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Maybe I am misunderstanding something. Blitz stated ?We are adding a new requirement to an existing CPFF contract. The contract has an established 6% fixed fee? By making the ?fixed fee? a percentage aren?t you doing a cost plus percentage of cost type contract (forbidden by FAR 16.102©)?

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Maybe I am misunderstanding something. Blitz stated ?We are adding a new requirement to an existing CPFF contract. The contract has an established 6% fixed fee? By making the ?fixed fee? a percentage aren?t you doing a cost plus percentage of cost type contract (forbidden by FAR 16.102?)?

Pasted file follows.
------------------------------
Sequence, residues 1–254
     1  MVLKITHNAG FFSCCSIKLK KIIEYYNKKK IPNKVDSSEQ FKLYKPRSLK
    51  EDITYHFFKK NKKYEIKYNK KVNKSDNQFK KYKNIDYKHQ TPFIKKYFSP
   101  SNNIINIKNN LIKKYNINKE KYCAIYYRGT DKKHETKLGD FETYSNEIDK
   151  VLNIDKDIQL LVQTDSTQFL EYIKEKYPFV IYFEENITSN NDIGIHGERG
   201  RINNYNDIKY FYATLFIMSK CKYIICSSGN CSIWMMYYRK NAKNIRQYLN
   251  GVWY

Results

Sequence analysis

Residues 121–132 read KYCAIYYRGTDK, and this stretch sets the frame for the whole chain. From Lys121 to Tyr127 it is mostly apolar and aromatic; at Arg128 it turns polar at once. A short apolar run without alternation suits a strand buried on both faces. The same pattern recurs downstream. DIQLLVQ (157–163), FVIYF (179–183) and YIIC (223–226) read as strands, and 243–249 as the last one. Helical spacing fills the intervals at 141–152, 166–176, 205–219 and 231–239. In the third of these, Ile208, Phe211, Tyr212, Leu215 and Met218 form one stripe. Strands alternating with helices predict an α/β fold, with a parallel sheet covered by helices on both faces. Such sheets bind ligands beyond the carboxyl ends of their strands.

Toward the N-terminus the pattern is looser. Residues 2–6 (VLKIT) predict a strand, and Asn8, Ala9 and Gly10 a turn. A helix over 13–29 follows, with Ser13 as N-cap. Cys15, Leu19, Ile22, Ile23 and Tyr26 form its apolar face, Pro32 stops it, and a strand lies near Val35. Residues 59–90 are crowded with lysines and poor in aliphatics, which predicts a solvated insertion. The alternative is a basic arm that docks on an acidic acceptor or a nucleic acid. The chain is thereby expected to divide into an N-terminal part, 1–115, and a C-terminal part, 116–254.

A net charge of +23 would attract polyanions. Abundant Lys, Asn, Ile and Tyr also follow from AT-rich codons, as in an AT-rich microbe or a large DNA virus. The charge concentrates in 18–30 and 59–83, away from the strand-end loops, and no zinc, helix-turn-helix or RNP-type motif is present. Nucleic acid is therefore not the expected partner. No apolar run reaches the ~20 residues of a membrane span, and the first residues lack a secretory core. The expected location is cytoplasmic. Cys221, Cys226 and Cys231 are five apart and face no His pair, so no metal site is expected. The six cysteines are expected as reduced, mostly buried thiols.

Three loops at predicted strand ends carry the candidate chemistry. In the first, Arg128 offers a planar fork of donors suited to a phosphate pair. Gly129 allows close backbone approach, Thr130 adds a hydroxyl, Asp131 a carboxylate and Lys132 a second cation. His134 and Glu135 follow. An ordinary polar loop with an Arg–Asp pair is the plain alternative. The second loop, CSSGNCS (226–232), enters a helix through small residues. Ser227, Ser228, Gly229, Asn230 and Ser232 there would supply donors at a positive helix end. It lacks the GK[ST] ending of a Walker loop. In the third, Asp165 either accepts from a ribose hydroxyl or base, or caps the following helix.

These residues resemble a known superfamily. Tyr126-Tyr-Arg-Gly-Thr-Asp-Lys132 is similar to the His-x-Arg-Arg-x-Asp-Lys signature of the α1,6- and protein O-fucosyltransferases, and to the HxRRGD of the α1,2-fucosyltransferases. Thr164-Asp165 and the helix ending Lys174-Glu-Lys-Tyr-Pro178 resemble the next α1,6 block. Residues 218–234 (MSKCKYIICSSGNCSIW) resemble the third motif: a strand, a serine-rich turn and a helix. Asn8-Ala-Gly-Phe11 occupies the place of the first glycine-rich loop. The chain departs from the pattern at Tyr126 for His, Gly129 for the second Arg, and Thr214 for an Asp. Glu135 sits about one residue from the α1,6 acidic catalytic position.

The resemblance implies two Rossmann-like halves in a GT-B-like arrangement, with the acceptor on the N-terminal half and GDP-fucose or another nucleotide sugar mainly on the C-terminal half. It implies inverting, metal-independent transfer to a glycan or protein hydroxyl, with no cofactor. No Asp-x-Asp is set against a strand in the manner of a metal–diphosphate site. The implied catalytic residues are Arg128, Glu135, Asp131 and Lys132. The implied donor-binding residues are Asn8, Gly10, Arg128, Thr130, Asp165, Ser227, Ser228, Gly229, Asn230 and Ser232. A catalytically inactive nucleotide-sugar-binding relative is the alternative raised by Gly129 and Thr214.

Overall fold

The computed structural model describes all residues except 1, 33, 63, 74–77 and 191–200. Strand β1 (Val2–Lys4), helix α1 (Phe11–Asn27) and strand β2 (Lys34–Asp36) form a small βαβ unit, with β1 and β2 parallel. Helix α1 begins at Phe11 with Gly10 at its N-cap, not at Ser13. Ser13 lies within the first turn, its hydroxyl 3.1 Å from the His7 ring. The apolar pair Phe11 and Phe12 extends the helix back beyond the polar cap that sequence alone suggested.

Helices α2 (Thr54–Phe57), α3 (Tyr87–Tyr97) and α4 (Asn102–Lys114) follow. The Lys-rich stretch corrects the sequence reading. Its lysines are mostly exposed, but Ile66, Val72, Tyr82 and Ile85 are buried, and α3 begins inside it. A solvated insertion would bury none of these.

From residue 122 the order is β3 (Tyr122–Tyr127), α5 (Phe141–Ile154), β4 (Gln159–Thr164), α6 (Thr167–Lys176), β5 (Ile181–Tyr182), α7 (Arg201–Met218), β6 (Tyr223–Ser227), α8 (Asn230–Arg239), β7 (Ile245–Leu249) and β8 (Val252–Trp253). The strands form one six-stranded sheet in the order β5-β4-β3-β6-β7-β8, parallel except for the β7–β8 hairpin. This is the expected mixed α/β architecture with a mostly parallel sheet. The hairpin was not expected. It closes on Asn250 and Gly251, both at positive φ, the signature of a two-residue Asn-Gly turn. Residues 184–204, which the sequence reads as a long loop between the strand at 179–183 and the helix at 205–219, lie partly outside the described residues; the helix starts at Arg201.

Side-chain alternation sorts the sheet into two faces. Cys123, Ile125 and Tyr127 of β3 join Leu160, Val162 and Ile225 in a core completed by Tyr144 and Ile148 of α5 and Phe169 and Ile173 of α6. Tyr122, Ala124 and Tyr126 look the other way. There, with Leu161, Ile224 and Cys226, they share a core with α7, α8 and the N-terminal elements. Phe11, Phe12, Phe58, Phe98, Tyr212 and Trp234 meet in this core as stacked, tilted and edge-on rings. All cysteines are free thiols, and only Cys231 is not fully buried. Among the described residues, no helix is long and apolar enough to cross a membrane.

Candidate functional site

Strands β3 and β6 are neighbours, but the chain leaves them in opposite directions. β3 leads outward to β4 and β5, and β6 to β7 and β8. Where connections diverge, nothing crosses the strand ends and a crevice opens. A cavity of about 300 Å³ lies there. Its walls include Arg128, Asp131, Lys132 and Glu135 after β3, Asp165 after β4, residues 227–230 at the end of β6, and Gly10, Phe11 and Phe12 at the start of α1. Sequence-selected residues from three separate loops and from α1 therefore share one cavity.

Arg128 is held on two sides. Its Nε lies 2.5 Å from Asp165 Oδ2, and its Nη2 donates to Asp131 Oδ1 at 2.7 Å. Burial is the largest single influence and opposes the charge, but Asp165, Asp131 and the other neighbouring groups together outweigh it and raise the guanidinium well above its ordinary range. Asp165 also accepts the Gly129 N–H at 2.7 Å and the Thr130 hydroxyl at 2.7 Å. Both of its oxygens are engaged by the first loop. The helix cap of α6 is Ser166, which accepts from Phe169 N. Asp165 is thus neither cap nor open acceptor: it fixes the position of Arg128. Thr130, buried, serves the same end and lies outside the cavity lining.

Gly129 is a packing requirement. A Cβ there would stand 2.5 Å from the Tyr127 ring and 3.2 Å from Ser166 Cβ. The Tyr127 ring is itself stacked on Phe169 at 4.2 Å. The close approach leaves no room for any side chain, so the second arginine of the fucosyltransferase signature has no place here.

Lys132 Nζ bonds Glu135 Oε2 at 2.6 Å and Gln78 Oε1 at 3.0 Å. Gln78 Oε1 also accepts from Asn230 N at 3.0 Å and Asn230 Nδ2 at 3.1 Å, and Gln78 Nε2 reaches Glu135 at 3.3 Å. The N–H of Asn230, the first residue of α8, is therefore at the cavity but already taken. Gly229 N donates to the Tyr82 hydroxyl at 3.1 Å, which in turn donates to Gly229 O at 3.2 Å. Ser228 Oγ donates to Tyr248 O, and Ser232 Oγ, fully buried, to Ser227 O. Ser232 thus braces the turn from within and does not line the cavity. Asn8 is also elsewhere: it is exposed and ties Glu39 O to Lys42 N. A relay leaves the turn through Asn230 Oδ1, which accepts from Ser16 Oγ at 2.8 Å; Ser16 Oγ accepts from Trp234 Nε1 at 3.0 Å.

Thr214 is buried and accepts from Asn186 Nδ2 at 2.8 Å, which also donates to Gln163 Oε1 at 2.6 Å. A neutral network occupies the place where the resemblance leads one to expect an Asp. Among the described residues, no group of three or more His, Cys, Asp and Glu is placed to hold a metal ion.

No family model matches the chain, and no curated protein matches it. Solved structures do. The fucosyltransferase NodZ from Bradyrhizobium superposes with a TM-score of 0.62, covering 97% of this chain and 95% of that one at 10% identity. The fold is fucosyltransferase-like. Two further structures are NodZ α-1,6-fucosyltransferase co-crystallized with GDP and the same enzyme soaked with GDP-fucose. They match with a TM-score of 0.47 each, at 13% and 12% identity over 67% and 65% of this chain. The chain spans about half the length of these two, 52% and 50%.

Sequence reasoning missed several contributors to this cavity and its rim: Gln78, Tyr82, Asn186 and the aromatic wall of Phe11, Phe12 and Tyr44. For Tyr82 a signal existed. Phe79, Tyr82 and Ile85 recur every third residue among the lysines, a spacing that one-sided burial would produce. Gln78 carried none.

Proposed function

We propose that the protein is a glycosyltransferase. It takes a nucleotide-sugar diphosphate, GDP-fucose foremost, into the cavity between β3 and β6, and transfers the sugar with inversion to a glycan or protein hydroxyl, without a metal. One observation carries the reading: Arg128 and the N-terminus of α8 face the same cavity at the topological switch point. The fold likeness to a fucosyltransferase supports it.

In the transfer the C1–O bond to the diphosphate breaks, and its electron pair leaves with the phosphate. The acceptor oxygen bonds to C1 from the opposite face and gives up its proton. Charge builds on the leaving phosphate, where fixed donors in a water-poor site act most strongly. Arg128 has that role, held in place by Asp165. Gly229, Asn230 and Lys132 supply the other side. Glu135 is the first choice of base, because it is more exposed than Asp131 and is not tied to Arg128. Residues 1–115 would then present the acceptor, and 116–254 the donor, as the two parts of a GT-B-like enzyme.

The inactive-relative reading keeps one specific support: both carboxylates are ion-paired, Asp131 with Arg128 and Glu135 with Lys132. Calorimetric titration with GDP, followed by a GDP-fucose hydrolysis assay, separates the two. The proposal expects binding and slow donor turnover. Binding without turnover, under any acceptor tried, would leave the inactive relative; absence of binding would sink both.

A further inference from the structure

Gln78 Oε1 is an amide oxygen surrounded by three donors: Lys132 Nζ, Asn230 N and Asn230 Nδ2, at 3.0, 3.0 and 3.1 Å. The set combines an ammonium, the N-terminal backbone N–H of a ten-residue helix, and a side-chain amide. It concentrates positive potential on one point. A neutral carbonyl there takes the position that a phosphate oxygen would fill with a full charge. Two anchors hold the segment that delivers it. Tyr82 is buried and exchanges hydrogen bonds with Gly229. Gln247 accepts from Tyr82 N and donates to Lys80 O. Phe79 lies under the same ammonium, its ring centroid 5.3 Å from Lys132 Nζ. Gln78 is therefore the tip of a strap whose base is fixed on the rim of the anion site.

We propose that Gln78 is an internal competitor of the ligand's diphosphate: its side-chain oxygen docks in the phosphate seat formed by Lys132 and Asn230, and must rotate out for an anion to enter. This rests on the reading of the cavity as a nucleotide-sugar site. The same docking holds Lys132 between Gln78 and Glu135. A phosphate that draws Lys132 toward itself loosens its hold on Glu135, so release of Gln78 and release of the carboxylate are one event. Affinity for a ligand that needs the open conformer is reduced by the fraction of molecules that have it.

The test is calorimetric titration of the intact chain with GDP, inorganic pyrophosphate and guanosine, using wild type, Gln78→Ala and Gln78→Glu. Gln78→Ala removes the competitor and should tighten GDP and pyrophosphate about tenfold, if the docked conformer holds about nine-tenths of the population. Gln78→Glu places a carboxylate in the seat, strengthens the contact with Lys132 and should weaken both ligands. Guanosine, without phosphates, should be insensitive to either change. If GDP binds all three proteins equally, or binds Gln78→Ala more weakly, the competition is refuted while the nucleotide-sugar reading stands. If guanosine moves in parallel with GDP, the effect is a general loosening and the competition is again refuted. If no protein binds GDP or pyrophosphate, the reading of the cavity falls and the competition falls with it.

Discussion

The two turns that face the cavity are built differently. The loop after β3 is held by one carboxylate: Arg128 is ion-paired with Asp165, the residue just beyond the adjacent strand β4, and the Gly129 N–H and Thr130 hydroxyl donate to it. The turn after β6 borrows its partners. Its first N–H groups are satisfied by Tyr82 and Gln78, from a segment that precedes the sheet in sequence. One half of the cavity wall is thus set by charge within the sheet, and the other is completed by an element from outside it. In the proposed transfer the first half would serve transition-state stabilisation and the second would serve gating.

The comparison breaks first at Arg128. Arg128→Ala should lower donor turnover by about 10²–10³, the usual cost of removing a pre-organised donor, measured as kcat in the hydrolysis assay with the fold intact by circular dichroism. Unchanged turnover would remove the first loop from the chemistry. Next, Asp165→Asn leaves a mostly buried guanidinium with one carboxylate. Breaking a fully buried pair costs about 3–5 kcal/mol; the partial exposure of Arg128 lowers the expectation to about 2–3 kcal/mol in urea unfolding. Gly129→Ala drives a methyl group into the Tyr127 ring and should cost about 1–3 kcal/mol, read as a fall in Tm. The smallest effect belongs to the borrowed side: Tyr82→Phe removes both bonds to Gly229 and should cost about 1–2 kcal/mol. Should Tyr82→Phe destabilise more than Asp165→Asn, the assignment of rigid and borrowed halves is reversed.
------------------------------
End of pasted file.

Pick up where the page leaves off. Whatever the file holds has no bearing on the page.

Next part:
Not if the fixed fee was 6% of estimated costs. However, if the contract were written to say that the contractor would be paid 6% of incurred costs, then you would have an illegal CPPC arrangement.

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Fixed fee is always stated as a dollar amount, not a percentage. I think that what Blitz was saying is that the fixed fee on the contract amounted to six percent of the esimated cost and that the contractor wanted to use that percentage as the basis for calculating fee on the hazardous duty pay.

It would not have made sense to write the contract to say:

Estimated Cost: $1,000,000.

Fixed Fee: Six (6) percent.

What would that be about? Why not just state dollars? However, if the contract were to say that the fee would be calculated by applying the percentage to allowable incurred cost, then you would have an illegal contract.